Lilly Hiatt returned with Trinity Lane on August 25th, 2017. The 12-song set was produced by Michael Trent of Shovels & Rope and engineered by Andy Dixon at Trent’s Studio Bees in Johns Island, SC. It is the follow up to her acclaimed sophomore album Royal Blue, which Paste Magazine described as “a glorious tumble of influences – surf rock, Smiths vibes, Laurel Canyon twang and jangle, Sonic Youth flatline, Britpop flourishes, Seattle grunge and Joy Division meets Human League synthery.” In addition to her backing band, Trent is featured as a musician throughout, and is joined by his wife and Shovels & Rope partner Cary Ann Hearst for backing vocals on “Everything I Had.” Lilly’s love of the ‘90s alt-rock she was raised on continues to shine through on Trinity Lane in the distressed guitars and urgent backbeats. She cites the Pixies, Breeders, Dinosaur Jr., and her favorite, Pearl Jam as influences, but there is also something distinctly Americana lurking in the songs. Rolling Stone Country premiered the Michael Carter-directed video for the album’s title track HERE, stating, “The daughter of John Hiatt, she keeps the family tradition alive, mixing Southern influences – Americana, folk and left-of-center country – with a raw approach that’s better suited to the garage than the saloon. The album’s title track is no exception…the song finds Hiatt making peace with her old demons, while guitars crash and pianos chime in the background.” They continued, “‘Trinity Lane’ is an empowerment anthem stocked with details from Hiatt’s everyday life, from the name of her street to the smell of her neighbor’s cooking.”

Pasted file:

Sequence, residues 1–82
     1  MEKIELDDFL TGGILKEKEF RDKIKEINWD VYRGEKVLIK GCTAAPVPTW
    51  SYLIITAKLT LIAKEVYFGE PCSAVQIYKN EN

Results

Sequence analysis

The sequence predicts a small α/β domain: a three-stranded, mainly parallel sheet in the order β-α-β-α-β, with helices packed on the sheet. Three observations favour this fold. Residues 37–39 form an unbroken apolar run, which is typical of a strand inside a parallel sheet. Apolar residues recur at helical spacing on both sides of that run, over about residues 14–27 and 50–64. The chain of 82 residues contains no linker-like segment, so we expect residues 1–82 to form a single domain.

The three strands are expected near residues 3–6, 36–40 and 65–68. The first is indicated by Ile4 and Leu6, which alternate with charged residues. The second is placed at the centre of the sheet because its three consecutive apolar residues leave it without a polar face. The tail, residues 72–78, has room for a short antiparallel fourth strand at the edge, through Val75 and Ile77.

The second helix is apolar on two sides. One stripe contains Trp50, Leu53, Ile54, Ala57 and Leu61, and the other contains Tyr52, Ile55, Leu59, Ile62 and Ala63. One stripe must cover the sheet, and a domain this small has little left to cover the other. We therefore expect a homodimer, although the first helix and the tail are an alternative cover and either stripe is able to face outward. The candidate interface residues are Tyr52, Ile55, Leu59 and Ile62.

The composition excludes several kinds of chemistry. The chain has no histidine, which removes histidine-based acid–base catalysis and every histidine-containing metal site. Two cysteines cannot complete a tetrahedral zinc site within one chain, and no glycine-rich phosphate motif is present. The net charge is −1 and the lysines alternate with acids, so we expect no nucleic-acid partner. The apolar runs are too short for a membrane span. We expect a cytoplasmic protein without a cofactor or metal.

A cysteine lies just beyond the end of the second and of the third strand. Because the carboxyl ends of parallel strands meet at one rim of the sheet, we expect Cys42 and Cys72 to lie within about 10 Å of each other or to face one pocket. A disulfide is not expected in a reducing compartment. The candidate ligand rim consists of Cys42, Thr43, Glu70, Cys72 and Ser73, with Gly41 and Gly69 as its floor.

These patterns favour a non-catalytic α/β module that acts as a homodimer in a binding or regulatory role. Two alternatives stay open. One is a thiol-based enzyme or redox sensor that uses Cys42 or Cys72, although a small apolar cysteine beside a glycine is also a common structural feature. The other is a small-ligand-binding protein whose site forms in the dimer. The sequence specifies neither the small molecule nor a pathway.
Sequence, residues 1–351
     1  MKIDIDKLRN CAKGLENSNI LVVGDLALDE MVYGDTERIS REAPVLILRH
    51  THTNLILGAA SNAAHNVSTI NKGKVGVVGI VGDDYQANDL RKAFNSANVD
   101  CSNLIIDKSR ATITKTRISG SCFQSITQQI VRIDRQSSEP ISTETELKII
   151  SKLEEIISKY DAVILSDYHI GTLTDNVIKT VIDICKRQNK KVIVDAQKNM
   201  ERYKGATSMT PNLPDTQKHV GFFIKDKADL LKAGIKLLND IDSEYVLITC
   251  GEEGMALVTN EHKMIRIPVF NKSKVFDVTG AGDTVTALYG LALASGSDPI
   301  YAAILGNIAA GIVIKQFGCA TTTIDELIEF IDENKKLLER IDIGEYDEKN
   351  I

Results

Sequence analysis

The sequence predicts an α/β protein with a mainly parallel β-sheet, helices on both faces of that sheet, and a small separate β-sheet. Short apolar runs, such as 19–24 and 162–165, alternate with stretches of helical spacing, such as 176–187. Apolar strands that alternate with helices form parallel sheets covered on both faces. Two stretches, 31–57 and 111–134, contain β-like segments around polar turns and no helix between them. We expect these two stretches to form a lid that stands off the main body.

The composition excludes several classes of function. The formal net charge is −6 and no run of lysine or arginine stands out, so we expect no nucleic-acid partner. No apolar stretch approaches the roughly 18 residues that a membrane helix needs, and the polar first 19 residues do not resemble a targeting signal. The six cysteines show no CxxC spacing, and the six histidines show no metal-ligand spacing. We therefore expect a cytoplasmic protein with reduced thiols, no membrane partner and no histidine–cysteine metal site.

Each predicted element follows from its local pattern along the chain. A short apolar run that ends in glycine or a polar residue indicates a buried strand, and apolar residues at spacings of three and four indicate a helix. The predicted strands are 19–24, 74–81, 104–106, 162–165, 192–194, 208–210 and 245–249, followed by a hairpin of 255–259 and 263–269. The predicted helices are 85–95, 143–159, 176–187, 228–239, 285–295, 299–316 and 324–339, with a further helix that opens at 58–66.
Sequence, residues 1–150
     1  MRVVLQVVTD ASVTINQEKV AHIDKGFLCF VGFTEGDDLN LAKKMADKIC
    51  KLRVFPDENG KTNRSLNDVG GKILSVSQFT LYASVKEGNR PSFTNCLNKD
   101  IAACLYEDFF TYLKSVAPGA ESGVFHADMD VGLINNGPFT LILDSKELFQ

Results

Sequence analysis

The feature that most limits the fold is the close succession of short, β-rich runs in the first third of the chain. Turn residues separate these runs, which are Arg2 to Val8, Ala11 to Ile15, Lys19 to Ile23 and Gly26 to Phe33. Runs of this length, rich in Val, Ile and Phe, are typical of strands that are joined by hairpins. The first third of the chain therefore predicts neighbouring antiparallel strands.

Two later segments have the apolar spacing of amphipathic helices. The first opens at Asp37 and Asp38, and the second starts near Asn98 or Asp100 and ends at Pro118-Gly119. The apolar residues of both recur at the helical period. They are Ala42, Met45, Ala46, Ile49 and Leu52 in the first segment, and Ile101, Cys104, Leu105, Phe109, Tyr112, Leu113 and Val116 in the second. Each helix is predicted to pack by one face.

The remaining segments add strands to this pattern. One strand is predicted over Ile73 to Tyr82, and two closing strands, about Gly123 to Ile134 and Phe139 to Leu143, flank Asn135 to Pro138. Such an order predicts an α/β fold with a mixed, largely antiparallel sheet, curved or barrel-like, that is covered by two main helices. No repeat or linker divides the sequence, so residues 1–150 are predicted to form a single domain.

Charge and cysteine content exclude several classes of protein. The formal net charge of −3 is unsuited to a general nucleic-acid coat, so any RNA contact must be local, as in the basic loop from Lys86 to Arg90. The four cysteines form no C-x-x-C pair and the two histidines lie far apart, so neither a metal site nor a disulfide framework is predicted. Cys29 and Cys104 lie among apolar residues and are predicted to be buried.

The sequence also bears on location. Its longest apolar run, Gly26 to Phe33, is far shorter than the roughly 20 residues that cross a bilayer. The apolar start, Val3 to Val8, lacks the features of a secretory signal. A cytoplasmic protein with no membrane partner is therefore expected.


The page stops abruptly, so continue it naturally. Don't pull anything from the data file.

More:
After moving out of an ex’s house, Hiatt settled into a new apartment off of Trinity Lane in her East Nashville neighborhood and went on tour with friend John Moreland to the West Coast and back. The intensely personal, autobiographical album was written largely upon her return, in isolation, facing the issues she escaped while on the road. Every time she wanted a man, she picked up her guitar. Every time she wanted a drink, she picked up her guitar. Hiatt says, “Love will take you to the darkest places but also the most honest places if you let it. Learning how to love myself is something I’ve always been lousy with, and I spent some time on that. I thought about my sobriety, what that means to me, the struggles I’d had throughout the years, since I was a 27-year-old and hung up my toxic drinking habit. I thought about my mother, who took her own life when I was a baby, not far from my age at 30 years old, and I related to her more than ever. As you can see, there was plenty of time spent on my own. I didn’t talk to that many folks, albeit a few close friends, and leaned into my family. I stayed away from men, and danced alone in the evenings, looking out my window observing my humble and lively neighborhood. I found power in being by myself. I found peace in the people I was surrounded with – we didn’t really know one another, but we smiled when passed on the street. One time I almost rear-ended an older woman in her car backing out of my driveway and I said, ‘Oh man, I’m just not used to any cars coming around this bend. She replied, ‘This is our little hideout, baby,’ And it really was.” She continues, “After a while, I had all these songs to play, and wanted to share them. I wanted to get out of town to get some distance from everything, so after an ongoing conversation with Michael Trent, I took my band to Johns Island, SC and we holed up for a few weeks. I poured my heart out, and trusted them with it, and these guys gave it right back. I think we all understood what it’s like to question home, intention, demons, love…I think most people understand that.”